Close
ThinkAdvisor

Portfolio > Economy & Markets > Economic Trends

Benefits idea: DNA testing

X
Your article was successfully shared with the contacts you provided.

The Obama administration is supporting expansion of access to precision medicine — efforts to use DNA tests to see which medical treatment options might work best for which patients.

Your employee benefits clients could get in on the precision medicine game now, by making sure their major medical plans cover the relevant DNA tests, or by giving employees a way to buy DNA tests with their own money through a worksite-based test purchase program.

See also: 4 non-traditional voluntary trends to watch in 2015

Why should your clients consider offering the tests?

Sometimes, drugs just don’t work. In other cases, adverse drug reactions can stretch treatment times far beyond their normal scopes, causing sharp increases in costs, and sometimes even physical harm to patients.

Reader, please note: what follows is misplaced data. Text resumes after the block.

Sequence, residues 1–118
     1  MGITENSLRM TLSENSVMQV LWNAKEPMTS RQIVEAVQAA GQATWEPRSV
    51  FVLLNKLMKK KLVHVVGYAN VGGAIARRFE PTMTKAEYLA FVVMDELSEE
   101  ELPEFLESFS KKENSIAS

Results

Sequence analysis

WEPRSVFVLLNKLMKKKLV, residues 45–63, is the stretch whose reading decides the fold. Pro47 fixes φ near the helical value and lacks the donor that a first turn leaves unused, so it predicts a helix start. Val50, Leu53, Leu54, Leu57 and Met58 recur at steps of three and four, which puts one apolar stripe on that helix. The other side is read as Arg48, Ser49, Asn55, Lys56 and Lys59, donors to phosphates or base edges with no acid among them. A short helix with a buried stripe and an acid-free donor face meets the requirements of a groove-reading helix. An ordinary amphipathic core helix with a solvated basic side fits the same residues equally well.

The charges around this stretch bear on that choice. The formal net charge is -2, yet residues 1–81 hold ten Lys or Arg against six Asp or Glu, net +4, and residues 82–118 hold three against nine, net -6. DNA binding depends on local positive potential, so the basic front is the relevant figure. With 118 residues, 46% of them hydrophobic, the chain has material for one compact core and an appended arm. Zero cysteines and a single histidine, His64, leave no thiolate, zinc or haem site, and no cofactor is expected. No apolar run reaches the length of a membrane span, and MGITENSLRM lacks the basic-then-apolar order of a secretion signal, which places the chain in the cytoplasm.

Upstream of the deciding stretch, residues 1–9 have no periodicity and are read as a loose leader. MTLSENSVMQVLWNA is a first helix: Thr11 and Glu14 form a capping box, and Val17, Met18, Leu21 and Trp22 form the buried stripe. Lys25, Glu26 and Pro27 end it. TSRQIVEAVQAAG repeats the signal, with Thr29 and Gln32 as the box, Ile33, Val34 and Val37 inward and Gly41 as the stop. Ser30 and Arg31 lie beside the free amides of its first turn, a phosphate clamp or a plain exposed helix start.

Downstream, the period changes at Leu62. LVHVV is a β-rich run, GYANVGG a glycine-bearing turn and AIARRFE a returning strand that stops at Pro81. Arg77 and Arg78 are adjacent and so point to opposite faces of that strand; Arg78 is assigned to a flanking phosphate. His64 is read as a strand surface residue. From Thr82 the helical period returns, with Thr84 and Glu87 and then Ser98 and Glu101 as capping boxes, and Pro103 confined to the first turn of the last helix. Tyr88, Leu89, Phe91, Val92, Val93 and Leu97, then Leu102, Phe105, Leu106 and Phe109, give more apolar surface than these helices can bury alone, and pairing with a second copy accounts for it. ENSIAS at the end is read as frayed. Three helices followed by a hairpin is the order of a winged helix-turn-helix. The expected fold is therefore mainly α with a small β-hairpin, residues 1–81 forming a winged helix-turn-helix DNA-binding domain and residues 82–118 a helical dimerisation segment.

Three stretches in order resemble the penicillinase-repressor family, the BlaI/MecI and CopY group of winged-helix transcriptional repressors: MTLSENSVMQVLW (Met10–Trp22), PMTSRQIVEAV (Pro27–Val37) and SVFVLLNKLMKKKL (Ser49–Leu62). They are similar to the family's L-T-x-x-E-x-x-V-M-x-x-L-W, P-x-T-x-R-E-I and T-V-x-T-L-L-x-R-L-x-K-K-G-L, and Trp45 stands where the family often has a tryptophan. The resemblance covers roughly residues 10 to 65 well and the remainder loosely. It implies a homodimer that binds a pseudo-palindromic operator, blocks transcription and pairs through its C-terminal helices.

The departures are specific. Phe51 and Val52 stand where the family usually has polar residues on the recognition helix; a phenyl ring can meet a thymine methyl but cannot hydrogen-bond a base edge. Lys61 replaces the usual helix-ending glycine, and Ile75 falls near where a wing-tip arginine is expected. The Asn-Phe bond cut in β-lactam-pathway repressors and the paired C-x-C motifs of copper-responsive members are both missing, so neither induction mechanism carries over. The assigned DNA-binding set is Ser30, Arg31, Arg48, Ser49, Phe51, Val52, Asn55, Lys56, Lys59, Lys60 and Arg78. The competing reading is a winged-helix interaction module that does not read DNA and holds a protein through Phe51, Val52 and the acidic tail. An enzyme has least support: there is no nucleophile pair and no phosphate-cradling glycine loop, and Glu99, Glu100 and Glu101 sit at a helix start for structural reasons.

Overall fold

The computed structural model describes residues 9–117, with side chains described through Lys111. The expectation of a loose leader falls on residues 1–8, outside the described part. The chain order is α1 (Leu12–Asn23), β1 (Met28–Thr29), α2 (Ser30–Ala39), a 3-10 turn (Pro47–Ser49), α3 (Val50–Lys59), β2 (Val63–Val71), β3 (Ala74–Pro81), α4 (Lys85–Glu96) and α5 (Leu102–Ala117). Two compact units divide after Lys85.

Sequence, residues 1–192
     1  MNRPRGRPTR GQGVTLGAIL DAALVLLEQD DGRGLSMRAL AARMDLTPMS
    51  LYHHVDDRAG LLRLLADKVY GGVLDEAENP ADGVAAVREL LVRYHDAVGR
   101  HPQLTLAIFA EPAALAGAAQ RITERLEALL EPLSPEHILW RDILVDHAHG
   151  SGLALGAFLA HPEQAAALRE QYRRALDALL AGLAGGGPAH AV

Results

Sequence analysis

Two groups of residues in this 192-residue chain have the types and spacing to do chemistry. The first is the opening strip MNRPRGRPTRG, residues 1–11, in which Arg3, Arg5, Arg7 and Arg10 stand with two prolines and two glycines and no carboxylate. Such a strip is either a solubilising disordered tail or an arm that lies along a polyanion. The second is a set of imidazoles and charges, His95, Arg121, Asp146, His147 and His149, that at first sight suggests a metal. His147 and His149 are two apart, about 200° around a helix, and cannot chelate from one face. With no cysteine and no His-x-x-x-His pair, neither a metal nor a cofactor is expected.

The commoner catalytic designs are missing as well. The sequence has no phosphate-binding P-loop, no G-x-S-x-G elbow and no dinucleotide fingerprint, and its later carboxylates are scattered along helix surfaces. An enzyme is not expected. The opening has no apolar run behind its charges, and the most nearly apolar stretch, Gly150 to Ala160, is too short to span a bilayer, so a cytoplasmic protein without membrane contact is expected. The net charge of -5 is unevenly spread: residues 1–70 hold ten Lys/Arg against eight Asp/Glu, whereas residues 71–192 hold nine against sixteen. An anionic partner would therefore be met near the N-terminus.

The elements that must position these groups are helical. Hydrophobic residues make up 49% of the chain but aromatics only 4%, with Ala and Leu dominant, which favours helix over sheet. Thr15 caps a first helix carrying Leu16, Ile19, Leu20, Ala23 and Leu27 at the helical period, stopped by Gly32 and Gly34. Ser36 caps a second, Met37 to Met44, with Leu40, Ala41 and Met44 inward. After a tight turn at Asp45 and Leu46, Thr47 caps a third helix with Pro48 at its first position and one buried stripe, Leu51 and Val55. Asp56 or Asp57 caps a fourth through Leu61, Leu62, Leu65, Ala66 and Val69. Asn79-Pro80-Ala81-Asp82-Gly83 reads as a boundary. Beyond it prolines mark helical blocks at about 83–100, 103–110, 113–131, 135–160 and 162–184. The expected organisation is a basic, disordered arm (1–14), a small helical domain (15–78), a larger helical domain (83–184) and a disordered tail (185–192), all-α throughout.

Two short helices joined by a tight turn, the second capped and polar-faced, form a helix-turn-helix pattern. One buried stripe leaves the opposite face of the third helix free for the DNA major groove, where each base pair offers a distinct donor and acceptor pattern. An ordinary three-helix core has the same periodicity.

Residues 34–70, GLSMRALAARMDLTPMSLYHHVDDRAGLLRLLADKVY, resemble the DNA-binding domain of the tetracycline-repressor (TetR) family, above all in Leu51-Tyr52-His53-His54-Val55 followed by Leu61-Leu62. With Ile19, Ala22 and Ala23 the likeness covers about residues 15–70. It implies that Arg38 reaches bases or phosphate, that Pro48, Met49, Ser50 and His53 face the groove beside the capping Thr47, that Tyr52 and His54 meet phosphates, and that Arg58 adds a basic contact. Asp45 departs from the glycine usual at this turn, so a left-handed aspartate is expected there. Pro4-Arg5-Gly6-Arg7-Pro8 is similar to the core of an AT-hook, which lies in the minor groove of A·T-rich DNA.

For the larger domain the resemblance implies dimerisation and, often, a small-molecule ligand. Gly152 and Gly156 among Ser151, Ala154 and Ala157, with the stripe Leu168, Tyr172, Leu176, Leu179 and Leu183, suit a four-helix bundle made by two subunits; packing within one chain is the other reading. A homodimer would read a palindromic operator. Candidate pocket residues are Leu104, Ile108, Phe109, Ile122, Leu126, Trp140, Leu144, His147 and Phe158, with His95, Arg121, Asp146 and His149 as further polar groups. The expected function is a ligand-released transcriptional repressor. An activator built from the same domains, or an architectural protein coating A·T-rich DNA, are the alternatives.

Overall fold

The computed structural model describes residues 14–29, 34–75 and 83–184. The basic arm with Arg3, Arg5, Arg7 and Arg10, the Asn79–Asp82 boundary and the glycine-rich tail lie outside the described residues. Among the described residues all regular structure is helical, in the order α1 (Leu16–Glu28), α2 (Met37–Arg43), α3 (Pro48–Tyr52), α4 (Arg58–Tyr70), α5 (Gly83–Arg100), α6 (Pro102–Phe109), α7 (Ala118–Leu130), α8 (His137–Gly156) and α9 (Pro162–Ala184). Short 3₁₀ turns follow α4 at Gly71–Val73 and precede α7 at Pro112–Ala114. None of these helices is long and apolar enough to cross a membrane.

Take codeine, a pain medication. A normal dose effectively manages pain in most patients. That dose might provide delayed relief in a second patient, little relief in a third patient, and a dangerous overdose in a fourth patient.

One new way to assess how patients will respond to drugs is to screen their genes for specific traits that are known to affect drug absorption. Groups like the Clinical Pharmacogenetics Implementation Consortium are putting together DNA-based dosage recommendations for a wide variety of medications.

In the past, testing ordinary, healthy employees for drug response “polymorphisms,” or gene quirks, was impractical. DNA testers had to draw blood from the patients, then use specialized shipping services to send the blood to the screening lab. The processes the labs used to analyze the blood were expensive.

Today, all DNA testers have to do to get samples is ask patients to rub a little cotton against the insides of their cheeks, or ask the patients to spit into tubes. The analysis process is quick and cheap.

The information a qualified lab can get from the analysis may reduce the chances of a patient experiencing treatment failure or unpleasant, potentially costly side effects.

The results a worker gets from a DNA test may grow even more useful over time, as researchers learn more about what each polymorphism included in the results means.

See also: Craps and cryogenics: Blow your savings and live forever in the new Atlantic City

More on this topic